Mapping Out Fashion Month By Color: Fall 2013

Last season we decided that seeing one collection and one look at a time was not a good enough way to determine color trends. You can't remember everything all at once. (At least, those of us who haven't been blessed with a photographic memory cannot.) So what's one to do? Put all the collections together, of course.
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Last season we decided that seeing one collection and one look at a time was not a good enough way to determine color trends. You can't remember everything all at once. (At least, those of us who haven't been blessed with a photographic memory cannot.) So what's one to do? Put all the collections together, of course.

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Last season we decided that seeing one collection and one look at a time was not a good enough way to determine color trends. You can't remember everything all at once. (At least, those of us who haven't been blessed with a photographic memory cannot.) So what's one to do? Put all the collections together, of course.

The experiment yielded some very interesting and very pretty results for spring 2013. Blue was in (isn't it always?), purple was not. Seafoams, mints, and emeralds were also popular in almost every city--but you know what they say about seasons changing. In case you missed it--we have no idea how you could have--another four frenzied weeks of fashion have passed, giving us a whole new season of color to work with and analyze. So let's get straight to it.

Compared to last season, every city welcomed darkness into its color palette for fall. Of course, you don't need to be a fashion genius to know that light colors will dominate spring while dark colors dominate fall. But it's nice to actually see evidence of it.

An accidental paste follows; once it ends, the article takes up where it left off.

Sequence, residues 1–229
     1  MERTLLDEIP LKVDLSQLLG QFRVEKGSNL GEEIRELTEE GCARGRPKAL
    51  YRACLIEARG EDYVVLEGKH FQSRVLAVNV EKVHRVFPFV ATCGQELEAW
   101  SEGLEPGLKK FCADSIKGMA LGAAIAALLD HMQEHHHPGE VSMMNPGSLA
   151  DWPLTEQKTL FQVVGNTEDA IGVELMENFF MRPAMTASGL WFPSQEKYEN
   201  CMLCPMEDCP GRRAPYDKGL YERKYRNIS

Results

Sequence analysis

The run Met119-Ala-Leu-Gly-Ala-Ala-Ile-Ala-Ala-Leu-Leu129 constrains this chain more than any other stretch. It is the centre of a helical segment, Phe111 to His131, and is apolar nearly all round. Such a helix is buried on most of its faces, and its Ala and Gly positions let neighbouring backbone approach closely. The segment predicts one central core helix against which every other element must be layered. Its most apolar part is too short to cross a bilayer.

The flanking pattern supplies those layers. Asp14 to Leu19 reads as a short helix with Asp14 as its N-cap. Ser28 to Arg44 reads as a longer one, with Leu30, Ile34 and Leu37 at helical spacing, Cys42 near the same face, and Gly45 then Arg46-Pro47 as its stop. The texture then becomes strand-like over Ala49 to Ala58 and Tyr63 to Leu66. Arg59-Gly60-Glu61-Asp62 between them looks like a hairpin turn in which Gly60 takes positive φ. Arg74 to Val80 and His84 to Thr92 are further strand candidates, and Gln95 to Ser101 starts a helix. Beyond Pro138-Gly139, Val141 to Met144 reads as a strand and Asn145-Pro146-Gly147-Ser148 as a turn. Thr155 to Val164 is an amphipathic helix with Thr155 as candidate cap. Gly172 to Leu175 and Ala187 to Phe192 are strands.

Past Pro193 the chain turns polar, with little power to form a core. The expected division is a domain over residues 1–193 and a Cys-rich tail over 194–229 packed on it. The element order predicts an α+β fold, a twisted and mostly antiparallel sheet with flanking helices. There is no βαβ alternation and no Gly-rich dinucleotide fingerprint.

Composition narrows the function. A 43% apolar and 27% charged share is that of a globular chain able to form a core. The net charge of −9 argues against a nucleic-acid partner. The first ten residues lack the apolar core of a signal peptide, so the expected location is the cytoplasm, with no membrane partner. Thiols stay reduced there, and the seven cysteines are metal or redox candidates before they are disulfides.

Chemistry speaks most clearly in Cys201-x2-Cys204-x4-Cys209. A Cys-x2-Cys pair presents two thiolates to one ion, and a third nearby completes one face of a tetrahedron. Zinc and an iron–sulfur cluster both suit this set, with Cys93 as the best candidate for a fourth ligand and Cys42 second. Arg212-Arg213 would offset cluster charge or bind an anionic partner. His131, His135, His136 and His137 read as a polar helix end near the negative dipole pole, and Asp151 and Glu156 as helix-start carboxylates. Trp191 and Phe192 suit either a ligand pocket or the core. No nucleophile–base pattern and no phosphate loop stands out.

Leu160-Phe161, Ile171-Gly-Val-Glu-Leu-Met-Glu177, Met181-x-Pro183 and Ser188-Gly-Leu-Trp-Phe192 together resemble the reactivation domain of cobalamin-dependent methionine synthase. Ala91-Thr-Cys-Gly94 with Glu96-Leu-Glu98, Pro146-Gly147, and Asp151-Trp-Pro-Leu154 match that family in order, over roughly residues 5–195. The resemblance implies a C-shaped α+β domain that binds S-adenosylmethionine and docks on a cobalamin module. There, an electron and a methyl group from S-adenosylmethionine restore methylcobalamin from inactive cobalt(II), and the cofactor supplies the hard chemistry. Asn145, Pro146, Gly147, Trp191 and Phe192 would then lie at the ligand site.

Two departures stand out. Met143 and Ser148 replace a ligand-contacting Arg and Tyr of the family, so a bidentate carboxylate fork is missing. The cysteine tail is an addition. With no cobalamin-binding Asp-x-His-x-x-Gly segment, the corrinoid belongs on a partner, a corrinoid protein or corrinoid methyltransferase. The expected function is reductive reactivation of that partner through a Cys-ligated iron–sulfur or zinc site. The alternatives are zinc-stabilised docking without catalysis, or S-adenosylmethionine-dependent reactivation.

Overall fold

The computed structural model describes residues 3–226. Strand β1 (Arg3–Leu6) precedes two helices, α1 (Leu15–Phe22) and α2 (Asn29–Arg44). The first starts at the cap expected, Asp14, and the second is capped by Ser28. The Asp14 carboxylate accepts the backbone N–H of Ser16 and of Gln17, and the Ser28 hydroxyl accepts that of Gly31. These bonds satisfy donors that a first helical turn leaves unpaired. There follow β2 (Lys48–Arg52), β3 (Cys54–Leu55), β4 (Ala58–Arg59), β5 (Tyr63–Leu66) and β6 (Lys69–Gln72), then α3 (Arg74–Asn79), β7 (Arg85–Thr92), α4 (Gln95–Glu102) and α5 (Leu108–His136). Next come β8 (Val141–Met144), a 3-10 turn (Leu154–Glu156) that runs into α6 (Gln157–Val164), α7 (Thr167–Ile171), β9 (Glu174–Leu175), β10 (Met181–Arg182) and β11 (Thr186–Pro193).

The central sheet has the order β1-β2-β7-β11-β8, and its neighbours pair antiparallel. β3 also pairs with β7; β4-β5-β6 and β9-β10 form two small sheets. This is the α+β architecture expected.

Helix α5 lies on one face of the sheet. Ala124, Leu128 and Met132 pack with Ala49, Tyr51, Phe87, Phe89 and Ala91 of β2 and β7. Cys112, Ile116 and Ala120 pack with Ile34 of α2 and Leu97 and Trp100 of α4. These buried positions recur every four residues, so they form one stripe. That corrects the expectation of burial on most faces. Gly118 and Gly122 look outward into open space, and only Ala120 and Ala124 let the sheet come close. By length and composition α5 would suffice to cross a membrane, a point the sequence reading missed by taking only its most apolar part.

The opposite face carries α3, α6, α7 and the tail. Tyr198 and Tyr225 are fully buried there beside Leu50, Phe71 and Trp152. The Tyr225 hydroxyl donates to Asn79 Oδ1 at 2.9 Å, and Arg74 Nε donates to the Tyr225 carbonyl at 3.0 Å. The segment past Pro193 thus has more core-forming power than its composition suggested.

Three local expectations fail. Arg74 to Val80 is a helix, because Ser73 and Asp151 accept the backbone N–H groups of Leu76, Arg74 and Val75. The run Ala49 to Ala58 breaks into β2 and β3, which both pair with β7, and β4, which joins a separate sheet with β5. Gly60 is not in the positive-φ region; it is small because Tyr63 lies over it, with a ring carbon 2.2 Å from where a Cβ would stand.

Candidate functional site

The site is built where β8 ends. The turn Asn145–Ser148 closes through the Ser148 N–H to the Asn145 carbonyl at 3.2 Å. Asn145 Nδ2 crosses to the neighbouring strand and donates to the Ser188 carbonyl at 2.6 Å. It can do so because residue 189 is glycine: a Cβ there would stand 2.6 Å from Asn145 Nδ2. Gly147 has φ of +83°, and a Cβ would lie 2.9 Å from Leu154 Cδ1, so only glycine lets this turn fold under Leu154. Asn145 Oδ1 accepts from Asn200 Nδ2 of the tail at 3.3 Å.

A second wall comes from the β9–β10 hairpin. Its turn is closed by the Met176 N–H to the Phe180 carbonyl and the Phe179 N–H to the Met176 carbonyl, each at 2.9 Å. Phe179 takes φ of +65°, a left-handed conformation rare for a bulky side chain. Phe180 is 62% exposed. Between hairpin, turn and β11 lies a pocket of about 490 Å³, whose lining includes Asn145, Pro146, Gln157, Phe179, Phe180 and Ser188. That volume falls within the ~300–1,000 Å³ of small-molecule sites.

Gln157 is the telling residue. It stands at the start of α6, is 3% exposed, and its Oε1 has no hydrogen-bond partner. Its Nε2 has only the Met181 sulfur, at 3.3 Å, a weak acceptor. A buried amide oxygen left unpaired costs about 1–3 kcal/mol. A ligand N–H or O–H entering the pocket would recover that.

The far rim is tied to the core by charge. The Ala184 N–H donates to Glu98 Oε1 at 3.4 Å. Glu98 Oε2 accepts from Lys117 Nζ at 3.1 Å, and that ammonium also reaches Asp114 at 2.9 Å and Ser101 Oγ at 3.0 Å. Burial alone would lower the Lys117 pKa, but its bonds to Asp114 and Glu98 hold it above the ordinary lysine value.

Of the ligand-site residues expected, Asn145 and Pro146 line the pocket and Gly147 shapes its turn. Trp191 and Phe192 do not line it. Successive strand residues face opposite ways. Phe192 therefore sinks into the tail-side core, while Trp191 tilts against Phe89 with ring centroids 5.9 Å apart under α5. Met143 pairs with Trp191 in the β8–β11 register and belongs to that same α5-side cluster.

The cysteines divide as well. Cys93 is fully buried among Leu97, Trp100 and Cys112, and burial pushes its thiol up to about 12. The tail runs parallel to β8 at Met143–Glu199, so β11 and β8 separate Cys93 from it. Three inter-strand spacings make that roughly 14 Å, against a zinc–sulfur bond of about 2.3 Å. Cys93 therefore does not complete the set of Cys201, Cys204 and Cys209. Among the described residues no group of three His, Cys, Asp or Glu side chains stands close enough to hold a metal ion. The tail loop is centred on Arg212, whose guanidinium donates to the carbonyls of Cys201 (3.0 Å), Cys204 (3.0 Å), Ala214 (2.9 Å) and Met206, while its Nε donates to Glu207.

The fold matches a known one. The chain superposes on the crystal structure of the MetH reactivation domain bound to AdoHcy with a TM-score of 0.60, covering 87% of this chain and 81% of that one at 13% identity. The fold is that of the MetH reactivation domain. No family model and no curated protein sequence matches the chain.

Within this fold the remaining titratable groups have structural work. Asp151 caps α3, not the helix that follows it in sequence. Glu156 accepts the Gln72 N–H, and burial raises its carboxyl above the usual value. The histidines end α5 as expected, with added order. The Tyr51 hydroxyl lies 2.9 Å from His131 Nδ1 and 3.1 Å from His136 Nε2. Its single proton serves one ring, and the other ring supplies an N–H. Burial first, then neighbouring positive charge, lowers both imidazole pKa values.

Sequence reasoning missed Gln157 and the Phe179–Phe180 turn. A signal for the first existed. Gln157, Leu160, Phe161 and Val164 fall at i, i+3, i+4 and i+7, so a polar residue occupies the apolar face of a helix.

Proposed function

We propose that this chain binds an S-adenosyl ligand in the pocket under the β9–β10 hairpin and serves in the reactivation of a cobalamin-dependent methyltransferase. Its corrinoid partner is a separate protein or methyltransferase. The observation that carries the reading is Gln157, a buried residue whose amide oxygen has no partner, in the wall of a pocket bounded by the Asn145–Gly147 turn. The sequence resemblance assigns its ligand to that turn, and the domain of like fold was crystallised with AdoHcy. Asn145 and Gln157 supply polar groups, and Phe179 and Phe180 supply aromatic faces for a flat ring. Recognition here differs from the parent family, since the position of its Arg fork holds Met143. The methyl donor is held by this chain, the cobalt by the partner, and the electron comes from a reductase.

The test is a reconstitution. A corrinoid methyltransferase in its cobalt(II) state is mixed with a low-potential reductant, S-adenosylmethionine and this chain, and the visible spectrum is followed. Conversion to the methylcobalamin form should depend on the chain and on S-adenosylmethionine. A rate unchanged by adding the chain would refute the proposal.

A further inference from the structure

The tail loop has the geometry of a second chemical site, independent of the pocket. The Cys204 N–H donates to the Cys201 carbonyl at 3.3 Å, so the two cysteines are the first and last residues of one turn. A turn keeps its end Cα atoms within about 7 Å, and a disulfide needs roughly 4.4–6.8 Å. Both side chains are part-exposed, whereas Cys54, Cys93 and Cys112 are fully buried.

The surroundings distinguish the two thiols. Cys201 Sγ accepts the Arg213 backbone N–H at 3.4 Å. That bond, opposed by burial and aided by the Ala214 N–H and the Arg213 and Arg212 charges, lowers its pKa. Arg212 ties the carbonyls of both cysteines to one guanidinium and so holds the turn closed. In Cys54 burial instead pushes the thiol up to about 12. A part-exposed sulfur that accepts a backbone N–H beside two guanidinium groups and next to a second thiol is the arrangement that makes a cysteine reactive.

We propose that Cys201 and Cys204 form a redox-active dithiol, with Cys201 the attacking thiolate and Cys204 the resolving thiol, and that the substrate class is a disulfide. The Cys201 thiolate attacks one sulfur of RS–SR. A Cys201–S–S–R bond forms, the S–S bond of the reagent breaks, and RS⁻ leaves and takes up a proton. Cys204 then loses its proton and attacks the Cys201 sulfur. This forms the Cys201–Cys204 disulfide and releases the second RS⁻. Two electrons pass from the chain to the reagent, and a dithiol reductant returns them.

In other obvious news, the number of all-black looks went up (way up), while shades of blue slayed once again snatching at least 30% of the color looks in every city--note the big blue blotch on our map above. Meanwhile, shades of red came in second. Green was last season's popular runner-up (emerald was chosen by Pantone as the color of the year), but its presence was missed at the fall shows. As the saying goes, it ain't easy being green.

While shots of purple went up since spring, the color still didn't exceed 10% of the looks in any city. What is everyone's aversion to purple, exactly?

For a closer look at each city, click through. Don't forget to click on each map for a bigger version!

Photos: Style.com, StyleBistro.com, Vogue.co.uk

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NEW YORK

The overloaded New York schedule provided plenty of everything. Shades of blue and red (check out that pocket of oxblood) came in first and second, respectively, and the darker colors were spread across the board. There were a lot of navy blues, military greens, and neutrals. The bright colors of last spring are pushed towards the top, almost off the map. And that tiny dollop of green proper? You'll notice this as a common theme this fall.

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LONDON

London wasn't going to let the somber mood of the other three cities bring it down, turning out to be the brightest of the four. Blue had its biggest competition here, with red (again, all that oxblood at shows like Burberry Prorsum, Felder Felder, and Marios Schwab) coming in a close second place. London had the biggest pocket of bright orange from shows like Richard Nicoll and Joseph Conran. You'll find that Milan and Paris don't have the same enthusiasm for the color.

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MILAN

Last season, Milan had a well-balanced diet of pastels. For fall, however, the city is almost entirely devoid of any proper green or orange, both of which veered to the side of yellow-toned. As a result, there were plenty of mustards and camels to play around with. But then, neutrals are typically more popular for fall, and it's something we saw in every city. Dark blues? Check. Lots of red? Double check (thank you, Dolce & Gabbana). Moving along...

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PARIS

OK. Pointing out the sheer volume of dark blues is just beating a dead horse since it's happening in every city. It's like saying that Paris designers show a lot of black (which they totally did, outnumbering the all-white looks by about 4 to 1), or that the new Pope is Catholic. But having said that, Paris definitely had the largest percentage of blue in every variety, comprising over a third of the color looks. There was an especially large section of dusty blues thanks to designers like Louis Vuitton and A. F. Vandevorst. Green and orange were predictably absent as well.

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And finally, for your viewing pleasure, a quick overview of the bright colors of Spring 2013 and the darker hues of Fall 2013. Pretty, right?